Defining Sustainability: More Than Just “Going Green”

IU family loads a moving truck

(See the end of this blog post for definitions of all the acronyms)

What comes to mind when you read the word “sustainability”? If you’re like a lot of the people I’ve talked to (who aren’t in SPEA, or at the IUOS, or at Hilltop Gardens, or getting their BAESS – there, I think that’s everyone), I’m willing to bet that it’s a lot of, “Go Green!” slogans, or using less electricity, or taking shorter showers. Of course, you’re not wrong. There’s so much more to sustainability, though. The “more” is what takes sustainability beyond catchy slogans and to a level of social justice, equality, economy, and longevity.

You may think I listed all those words to sound fancy. You’re right, I did.

Gif "I am so impressive!"

But they’re all also crucial parts of sustainable practices. After two years of working for the IUOS, I’ve come to define sustainability in terms of all of those aspects. In my mind, sustainability is the practice of creating an equal and mutually beneficial society in the present and the future.

See? No mentions of greenery there.

It’s a surprisingly simple idea: sustainability is the concept that the people of today (read: you and me) should be working to create a future that’s just as good, if not better, for our children, but that we should also be working to create a better present. That means environmentally, yes, but also socially.

Let me give you some examples of sustainable projects around the Bloomington area so you can see how sustainability impacts everyone, not just SPEA majors. In fact, I’ll give you three:

Hoosier to Hoosier

Hoosier to Hoosier is an event sponsored by the IUOS, the City of Bloomington, and Cutters Soccer Club that every year allows students to donate their used textbooks, bookcases, televisions, appliances, etc. for different students to purchase in the coming year.

IU family loads a moving truck

This event serves as an example of economic and social sustainability because it helps students help other students, creating a sort of cyclical system on the IU Campus. This forming of a community benefits Bloomington socially, but the funds that H2H generates also help Bloomington businesses. The amount of funding each involved organization receives is based on how many volunteer hours the organizations put in to the event.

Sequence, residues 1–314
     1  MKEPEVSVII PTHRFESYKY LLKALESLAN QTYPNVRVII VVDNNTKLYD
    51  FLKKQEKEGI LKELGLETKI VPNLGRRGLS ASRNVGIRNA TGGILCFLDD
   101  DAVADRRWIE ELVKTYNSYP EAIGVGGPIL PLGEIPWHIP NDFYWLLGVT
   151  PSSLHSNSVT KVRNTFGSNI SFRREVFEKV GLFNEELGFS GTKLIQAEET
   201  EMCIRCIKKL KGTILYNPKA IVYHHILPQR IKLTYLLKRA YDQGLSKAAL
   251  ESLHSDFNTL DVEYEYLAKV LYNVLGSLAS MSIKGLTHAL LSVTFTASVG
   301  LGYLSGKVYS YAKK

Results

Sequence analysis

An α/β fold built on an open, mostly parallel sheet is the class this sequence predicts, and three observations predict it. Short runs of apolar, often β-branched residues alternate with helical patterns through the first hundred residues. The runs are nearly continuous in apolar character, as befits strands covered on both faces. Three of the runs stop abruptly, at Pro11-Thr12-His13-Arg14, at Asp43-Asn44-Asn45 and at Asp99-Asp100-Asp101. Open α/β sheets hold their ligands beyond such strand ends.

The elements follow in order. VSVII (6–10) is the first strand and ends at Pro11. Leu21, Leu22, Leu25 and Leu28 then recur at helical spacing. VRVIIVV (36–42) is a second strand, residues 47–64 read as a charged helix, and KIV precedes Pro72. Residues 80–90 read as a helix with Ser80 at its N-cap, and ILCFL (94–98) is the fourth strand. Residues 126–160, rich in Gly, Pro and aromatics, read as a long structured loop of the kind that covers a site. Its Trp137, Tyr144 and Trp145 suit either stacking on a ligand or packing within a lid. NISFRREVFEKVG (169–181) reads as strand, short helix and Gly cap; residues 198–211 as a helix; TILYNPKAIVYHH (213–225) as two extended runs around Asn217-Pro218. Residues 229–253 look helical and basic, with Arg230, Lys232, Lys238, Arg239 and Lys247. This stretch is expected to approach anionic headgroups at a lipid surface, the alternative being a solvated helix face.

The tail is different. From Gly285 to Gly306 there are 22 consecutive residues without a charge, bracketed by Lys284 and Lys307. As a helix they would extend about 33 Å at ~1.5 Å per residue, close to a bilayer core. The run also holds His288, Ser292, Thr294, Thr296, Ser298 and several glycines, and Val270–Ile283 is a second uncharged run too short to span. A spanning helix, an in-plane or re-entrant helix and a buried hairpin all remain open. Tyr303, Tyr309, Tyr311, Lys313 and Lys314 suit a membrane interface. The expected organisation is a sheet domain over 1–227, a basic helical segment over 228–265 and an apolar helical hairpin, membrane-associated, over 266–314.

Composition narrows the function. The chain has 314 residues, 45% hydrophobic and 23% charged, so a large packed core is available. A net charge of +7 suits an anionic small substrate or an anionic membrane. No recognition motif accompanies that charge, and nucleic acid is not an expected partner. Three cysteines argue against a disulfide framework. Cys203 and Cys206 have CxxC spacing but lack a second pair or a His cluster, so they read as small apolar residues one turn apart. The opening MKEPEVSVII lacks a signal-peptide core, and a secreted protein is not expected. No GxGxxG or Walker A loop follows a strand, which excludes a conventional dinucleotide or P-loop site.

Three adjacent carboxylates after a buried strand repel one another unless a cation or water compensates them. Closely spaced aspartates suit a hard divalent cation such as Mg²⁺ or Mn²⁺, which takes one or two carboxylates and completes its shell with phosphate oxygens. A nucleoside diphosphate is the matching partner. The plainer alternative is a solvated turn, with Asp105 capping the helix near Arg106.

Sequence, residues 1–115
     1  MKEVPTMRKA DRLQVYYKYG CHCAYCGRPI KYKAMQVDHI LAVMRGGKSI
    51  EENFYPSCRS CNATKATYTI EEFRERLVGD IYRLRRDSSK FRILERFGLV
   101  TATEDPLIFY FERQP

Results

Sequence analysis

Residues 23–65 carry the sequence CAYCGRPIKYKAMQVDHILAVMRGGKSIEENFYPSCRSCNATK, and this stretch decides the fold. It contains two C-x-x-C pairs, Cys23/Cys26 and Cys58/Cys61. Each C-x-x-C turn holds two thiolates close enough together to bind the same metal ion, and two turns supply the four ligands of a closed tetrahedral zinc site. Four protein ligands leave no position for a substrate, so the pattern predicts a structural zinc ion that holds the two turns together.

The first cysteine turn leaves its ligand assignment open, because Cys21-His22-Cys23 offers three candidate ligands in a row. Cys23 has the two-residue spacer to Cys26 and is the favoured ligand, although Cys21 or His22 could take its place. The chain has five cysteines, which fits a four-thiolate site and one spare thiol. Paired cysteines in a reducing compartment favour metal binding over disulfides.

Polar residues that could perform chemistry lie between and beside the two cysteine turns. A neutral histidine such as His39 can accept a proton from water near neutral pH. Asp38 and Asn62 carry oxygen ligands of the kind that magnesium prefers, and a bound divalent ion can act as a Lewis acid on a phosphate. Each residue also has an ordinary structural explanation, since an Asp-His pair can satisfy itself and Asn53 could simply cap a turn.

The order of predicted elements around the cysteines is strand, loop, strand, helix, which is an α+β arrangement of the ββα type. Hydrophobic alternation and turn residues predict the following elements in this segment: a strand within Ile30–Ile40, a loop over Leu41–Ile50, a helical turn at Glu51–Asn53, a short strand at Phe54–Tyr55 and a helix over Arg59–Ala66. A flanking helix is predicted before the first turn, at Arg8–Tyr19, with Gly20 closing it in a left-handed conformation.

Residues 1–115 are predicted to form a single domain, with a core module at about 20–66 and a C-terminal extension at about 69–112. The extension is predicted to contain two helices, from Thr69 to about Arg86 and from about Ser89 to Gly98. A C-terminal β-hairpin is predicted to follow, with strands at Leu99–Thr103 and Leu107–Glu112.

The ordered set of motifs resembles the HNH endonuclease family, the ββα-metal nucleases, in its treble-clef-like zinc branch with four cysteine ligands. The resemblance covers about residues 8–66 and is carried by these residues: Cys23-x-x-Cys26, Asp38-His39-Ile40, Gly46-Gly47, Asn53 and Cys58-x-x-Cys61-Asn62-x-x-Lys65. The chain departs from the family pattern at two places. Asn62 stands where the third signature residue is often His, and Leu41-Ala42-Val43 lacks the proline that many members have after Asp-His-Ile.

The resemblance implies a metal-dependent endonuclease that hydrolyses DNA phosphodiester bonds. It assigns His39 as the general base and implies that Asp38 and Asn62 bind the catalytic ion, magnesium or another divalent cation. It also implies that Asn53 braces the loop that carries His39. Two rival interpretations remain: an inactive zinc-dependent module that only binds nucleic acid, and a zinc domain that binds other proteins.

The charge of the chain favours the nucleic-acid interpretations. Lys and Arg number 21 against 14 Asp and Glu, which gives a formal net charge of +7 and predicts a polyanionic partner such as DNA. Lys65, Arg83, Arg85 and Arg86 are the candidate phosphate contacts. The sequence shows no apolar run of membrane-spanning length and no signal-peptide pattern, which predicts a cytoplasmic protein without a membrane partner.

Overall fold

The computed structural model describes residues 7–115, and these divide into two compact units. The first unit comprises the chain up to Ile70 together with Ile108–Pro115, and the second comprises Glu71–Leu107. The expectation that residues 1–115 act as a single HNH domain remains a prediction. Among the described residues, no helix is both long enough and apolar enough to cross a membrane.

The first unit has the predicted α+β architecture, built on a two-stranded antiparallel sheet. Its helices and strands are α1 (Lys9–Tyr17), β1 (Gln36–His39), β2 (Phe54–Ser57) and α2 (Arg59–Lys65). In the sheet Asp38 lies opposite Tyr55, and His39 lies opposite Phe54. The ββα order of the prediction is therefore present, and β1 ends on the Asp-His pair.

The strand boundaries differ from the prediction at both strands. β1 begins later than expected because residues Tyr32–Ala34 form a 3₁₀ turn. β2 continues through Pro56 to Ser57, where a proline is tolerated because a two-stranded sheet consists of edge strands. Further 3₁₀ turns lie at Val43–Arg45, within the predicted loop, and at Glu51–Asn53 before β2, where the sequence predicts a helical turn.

The Hoosier to Hoosier sale will be taking place on Saturday, August 22nd this year (2015) at their Warehouse, located on 1525 Rogers St., Bloomington, IN 47403.

Global Gifts

Global Gifts is a Fairtrade store with four locations in Indiana and Ohio. Nonprofit and staffed by volunteers, Global Gifts provides a place where artisans from Africa, North and South American, and Latin America can sell their goods. All these artisans are paid fairly regardless of gender, race, or class.

Fair trade stores work to fight against poverty and for equality and fair treatment of employees. This kind of work is a form of social justice-based sustainability, and benefits people both locally and internationally.

IU Campus Garden and the Tutor Room

The IU Campus Garden (different from Hilltop Garden, but in the same location) serves as a working area for students and Bloomington locals, allowing all who come to volunteer their time in the garden and eat or take home some of the garden’s produce. That alone supports community based sustainability; it allows for the development of community and centers itself on the learning of skills to grow food and to better oneself. The reach of the garden is long, however, and the sustainable aspects of it don’t stop there.

IU campus garden

The IU Tudor room actually purchases food from the campus garden to serve throughout the week. Renowned for its classy charm and delicious food, it can be surprising to realize that the food at the salad bar or the vegetables in the frittata are local. That, however, is part of the sustainable influence of the garden. The Tudor Room (and RPS Dining Halls, as well) support the garden when they purchase food from it, and in turn the garden helps to benefit students, staff, faculty, and families who come to IU. This is both a continued version of their community based sustainability as well as economic and environmental sustainability.

These three organizations provide perfect examples of how sustainability reaches beyond “going green”. Sustainability is the idea that a community should work together to help itself; that cooperation will bring about a better present and future. You don’t have to be a SPEA major to see the importance of sustainability and if you look closely, you’ll find sustainable practices in more places than you’d think.

Abbreviated Acronym Dictionary

IUOS: Indiana University Office of Sustainability

SPEA: School of Public and Environmental Affairs

BAESS: Bachelors of Arts in Environmental and Sustainability Studies

Celia Daniels
Celia Daniels

English Major, Class of 2017

"I am a junior majoring in English and minoring in Spanish and Psychology this year.

I spend a lot of my time working with the IU Office of Sustainability through my Cox Engagement Scholarship. I'm also hold two other positions with RPS. It's been a busy year so far, and it looks like it's only going to get busier."

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